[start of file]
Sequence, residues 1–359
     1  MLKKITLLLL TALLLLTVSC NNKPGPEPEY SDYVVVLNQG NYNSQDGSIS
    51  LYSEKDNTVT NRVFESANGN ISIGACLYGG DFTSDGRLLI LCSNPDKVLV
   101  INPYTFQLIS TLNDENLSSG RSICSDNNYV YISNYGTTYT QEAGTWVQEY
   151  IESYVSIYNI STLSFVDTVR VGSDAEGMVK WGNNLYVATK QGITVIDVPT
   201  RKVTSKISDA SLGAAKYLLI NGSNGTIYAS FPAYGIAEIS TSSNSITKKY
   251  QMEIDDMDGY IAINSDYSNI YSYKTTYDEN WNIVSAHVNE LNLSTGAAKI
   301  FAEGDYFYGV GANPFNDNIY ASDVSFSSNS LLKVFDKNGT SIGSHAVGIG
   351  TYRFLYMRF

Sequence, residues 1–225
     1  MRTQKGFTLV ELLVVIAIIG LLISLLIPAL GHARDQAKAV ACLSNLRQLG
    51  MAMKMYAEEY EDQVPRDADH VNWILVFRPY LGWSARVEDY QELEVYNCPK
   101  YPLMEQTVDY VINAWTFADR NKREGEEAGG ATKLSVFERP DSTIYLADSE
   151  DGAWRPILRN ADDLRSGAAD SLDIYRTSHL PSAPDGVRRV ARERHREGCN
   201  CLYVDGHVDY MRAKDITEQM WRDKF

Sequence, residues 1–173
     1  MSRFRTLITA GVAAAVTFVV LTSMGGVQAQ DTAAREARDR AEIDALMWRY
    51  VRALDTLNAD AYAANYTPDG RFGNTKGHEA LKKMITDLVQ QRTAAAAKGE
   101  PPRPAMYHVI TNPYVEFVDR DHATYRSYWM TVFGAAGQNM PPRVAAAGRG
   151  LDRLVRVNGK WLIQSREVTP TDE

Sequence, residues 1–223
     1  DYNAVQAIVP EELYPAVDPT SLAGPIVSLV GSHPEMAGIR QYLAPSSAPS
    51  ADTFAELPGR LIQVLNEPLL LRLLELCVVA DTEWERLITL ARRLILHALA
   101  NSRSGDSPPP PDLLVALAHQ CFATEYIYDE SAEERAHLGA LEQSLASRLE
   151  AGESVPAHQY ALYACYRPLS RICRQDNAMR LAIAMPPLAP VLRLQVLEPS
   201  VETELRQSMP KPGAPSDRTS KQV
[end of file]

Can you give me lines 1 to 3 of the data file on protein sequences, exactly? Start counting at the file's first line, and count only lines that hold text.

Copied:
Sequence, residues 1–359
     1  MLKKITLLLL TALLLLTVSC NNKPGPEPEY SDYVVVLNQG NYNSQDGSIS
    51  LYSEKDNTVT NRVFESANGN ISIGACLYGG DFTSDGRLLI LCSNPDKVLV